Tuesday, July 21, 2009
Arrive at hospital, (fast forward, there are medical websites detailing the birthing process) I have now given birth to a beautiful baby boy. Oh, my God, I am a mother.
Flowers, balloons, gift baskets and people filled the room. I could barely make my way (in a wheelchair, common practice at the time) to the nursery viewing window to see my baby boy. (Have you viewed the movie My Big, Fat Greek Wedding? Well that is my family. Only if the movie would have been inspired by my life the title would have been "My Big, Pork and Crawfish Fat, Boudin Eating Cajun Family").
Every living person related to my baby is standing at that window, in addition to the spirits of deceased Great Grandma Lucy and Great Aunt Ky, my cousin Rose could just feel their presence. Everyone had an opinion (you know what they say about an "opinion") as to who our baby looked like. I could hear the relatives commenting, "Oh, he looks like his dad", "No, he looks like his mom", "He is the spitting image of Paw Paw Gus", "No he's little Xavier, Aunt Marilyn's nephew made all over again", ... )
One thing everyone agreed on, he was the cutest baby in the nursery and maybe his little round head did remind me of Paw Paw Gus.
Monday, July 20, 2009
The diaper war, cloth diaper versus disposable diaper, has been going on since the disposable diaper was invented. I was drafted into this war in 1974. The battle being fought at that time was the "cost" battle. Back in those days disposable diapers were considered very expensive and two income households were the exception and not the norm.
I began the war fighting for the cause of the cloth diaper. This lasted two days. The constant smell of ammonia coming from the bucket of diapers soaking in the laundry room began to alter my brain function. I had already "disposed" of three cloth diapers in this short period of time, so it seemed only logical to switch sides in this war.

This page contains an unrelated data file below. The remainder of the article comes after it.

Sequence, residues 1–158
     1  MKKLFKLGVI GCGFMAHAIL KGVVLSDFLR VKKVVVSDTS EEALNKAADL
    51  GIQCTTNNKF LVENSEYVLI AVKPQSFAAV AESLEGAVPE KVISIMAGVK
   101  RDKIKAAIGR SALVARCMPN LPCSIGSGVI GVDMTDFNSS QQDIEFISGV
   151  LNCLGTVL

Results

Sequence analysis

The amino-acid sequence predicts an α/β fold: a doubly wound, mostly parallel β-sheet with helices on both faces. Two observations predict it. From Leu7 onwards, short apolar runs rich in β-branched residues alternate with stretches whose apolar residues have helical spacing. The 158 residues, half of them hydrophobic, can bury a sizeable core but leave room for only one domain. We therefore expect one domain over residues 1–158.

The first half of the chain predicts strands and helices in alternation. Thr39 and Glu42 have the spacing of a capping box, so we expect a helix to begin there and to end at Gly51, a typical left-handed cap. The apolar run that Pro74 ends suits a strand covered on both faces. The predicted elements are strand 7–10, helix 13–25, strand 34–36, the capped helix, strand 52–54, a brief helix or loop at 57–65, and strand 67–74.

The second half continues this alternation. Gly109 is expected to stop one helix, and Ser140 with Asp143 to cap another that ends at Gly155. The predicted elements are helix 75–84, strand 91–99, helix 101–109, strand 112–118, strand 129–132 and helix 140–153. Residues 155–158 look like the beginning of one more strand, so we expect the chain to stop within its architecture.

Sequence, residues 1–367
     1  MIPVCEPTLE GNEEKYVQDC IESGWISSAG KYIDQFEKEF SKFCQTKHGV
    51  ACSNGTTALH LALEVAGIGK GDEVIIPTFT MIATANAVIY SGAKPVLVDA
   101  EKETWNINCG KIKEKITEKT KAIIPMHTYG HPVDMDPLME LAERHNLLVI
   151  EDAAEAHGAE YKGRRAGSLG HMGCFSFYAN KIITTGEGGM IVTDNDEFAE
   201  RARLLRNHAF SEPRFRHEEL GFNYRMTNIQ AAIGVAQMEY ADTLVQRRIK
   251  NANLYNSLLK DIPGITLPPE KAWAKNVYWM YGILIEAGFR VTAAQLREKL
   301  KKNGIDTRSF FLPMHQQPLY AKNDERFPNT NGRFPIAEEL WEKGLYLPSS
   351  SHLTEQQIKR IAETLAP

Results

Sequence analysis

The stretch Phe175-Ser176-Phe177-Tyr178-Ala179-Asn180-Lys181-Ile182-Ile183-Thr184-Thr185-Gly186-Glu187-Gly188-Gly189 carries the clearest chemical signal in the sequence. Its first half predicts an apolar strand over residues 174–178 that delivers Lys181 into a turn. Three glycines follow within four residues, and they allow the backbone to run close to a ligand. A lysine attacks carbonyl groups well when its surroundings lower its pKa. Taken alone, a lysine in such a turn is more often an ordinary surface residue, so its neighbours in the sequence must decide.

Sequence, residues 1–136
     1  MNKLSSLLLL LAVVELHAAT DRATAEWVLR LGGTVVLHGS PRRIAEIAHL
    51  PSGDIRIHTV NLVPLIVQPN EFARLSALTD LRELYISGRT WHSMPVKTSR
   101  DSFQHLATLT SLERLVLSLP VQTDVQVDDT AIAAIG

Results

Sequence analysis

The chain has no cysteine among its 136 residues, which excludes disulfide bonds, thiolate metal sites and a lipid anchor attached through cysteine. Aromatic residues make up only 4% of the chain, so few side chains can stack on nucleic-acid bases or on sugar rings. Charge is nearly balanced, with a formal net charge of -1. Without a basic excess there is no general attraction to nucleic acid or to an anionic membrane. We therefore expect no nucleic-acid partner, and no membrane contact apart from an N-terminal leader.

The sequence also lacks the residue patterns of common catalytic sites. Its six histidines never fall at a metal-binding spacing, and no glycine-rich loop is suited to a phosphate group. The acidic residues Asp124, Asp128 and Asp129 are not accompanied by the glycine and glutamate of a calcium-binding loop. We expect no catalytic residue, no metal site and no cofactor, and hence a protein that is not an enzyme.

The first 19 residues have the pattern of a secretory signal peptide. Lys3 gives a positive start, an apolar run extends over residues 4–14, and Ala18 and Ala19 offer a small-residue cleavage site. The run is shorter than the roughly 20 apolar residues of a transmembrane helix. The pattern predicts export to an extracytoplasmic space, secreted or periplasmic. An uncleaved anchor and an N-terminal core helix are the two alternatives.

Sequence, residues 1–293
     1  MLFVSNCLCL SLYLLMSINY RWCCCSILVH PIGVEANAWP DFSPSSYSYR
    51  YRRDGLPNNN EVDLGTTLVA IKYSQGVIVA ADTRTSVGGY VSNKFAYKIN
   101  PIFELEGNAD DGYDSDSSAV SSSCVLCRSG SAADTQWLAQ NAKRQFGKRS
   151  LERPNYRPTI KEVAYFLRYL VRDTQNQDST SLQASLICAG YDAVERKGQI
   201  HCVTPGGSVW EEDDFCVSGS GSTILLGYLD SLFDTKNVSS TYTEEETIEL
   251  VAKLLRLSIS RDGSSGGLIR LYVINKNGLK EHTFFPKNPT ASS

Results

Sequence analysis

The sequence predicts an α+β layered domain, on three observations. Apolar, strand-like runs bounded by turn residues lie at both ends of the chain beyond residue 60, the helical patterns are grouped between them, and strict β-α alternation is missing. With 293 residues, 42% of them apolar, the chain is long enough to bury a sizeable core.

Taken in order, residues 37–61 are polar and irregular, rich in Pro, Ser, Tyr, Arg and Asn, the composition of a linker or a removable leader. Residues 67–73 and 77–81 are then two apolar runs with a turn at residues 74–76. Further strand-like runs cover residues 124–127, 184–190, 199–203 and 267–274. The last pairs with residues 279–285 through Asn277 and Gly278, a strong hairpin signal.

Believe me disposable diapers in 1974 were not at all like the diapers of today. The diapers of 1974 were merely a smaller version of hospital bed pads with tape on the corners. Re-taping a perfectly usable diaper involved using duct tape and a 3M bonding solution. Their unique 'wingfold' design was a guarantee that only half of the contents would actually be contained in the diaper.
Today infantry soldiers, I mean parents, are so lucky to have ultra dry thin diapers in the hourglass shape, with absorbent gelling material, featuring the frontal tape system, which allows multiple repositioning of the lateral tape without tearing the diaper, in sizes ranging from Preemie to size 7. (I'm out of breath just typing that sentence.)
Still the diaper war continues. The impact of disposable diapers versus cloth diapers, battle "environment".
I am so glad to be retired from the diaper military. Good luck to all you diaper soldiers of the world.
For me this pregnancy food craving was both - a myth and a reality.
While pregnant with my first child I ate a healthy breakfast and a healthy dinner. However for lunch I had a bag of Cherry's Barbeque Potato Chips and a strawberry sundae from the Rinky Dink*. (I don't think they make that brand of potato chip anymore.) This was every day for months. My friend Sandra will attest to this, as she always accompanied me there for lunch. She and other friends visited me in the hospital after the baby was born and gifted me with a bag of those chips and a strawberry sundae. Immediately after the baby was born it seems the craving ceased and I emphasize the word "immediately". And here we are, 35 years later and I have never reverted to my lunch "fix" of Cherry's Barbeque Chips and a strawberry sundae.
My second pregnancy served to expand my love of seafood. I have always loved shrimp, crab and crawfish, but this pregnancy introduced me to the world of oysters (I thought I hated oysters, even though I had never tried them until I was pregnant this second time.) I now craved oysters, fried oysters, oysters bienville, oysters rockefeller and had to have them every Friday for dinner. This craving stayed with me. After the baby was born I even graduated to consuming oysters on the half shell, i.e. , raw.